Posted by Tim Stobbs on July 20, 2012
Ok, first off I will admit: I’m a financial tracking addict. I currently publish my net worth on this blog every two months and I also have been doing an experiment on tracking all of my spending since last November. This recently lead me to try out Mint Canada after hearing about it for a while, after all I’m all about using any tool that makes my life easier.
First off let’s set the record straight on a few things: yes Mint pulls data from all your various bank accounts and pools it together into one place for tracking purposes. Yet it doesn’t allow you to do anything with those accounts. You can’t do a bank transfer in Mint, its read only on a secure system.
Now with that out of the way, why on earth would you do this? It saves a hell of a lot of time. Currently to do my net worth updates requires doing five separate logins to different online sites get the data I need. Mint pulls the majority of that data together for me automatically. Out of all my logins it can’t handle one account, which is my pension plan (which isn’t even on a bank website, so I can forgive them).
On top of that Mint is intelligent enough to guess what categories your spending belong to based on where the transaction occurred, so a payment to my mortgage is automatically assigned the category of ‘Mortgage/Rent’. This also applies to your credit card transactions if you link those in, so a charge to ‘Chapters/Indigo’ shows up as ‘Shopping, Books’. While this system isn’t perfect it does get the majority of the items correctly assigned. You can also change the category for those expenses that Mint can’t figure out.
Getting started is damn easy, add your accounts access and then your assets (like house value) and see what Mint spits out. I loaded everything up in less than an hour (which included some issues on my end). You might have to correct a few things, but generally it will load the last two months fairly correct when you start. Then you can track your spending by categories as well as income and net worth. Using the ‘Trends’ section lets you graph your little heart out and even export data if you want.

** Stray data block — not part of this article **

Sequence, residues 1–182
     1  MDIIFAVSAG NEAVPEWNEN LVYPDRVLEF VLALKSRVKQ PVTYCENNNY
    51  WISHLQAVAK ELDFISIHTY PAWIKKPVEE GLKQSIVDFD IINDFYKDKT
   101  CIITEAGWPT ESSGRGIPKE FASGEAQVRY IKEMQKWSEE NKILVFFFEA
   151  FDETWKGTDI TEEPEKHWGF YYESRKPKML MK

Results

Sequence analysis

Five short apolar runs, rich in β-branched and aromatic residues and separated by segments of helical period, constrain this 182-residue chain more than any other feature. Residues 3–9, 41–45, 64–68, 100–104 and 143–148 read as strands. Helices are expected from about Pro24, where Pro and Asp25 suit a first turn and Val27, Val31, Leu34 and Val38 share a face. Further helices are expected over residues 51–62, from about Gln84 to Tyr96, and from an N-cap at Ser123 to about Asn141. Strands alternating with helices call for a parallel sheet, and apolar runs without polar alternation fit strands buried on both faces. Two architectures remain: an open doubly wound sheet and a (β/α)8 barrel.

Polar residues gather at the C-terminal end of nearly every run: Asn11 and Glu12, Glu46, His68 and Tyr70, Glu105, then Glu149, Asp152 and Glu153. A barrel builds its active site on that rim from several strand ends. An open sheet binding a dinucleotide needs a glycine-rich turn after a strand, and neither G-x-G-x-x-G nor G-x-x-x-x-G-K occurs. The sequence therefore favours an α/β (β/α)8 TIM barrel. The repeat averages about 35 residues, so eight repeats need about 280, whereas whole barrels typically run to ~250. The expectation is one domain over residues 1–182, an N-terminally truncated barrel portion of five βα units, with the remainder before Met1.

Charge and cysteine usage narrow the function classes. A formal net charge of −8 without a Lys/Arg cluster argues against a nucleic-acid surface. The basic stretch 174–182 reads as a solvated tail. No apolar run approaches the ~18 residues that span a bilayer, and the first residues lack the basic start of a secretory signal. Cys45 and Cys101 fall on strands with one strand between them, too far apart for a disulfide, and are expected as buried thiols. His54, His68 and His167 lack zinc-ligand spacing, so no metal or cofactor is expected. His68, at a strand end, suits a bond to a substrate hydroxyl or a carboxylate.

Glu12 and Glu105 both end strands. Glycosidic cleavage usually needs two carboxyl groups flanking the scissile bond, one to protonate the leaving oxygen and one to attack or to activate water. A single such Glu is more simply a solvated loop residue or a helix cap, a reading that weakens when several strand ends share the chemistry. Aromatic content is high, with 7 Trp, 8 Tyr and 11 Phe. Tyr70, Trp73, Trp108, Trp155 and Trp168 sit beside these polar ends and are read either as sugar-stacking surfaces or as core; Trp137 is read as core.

There is also a section on budgets to help guide your spending by category if you would like to load that information and tracking as well. I haven’t use this much yet.
Yet despite all this usefulness Mint Canada does have a few issues that you might want to know about. First off you can’t add manual or fake transactions to complete your net worth if you are missing an particular bank. So that prevents you from loading previous data that you might personally already have. There is a bit of a work around you can manage by adding an extra asset with the value of that account to get your full net worth.
The other quirk I came across was the fact when dividends show up in my investment accounts that doesn’t show up as income. I had to create a new income category to allow tracking of that. Odd, but easily fixed. Also joint accounts will tend to show up twice, which means you will need to exclude a particular account from showing up twice in Mint.
Overall I’m thrilled with the time saving nature of Mint Canada, it makes tracking expense and income very easy and saves a lot of work with spreadsheets that people tend to do manually. It does have a few odd things that you might need to work around, but overall it works for my needs and I’m happy I finally signed up. I only wish I would have started using it back in November of last year so I would have more data.
So do you use Mint Canada, what did you think? Or if you don’t, would you try it?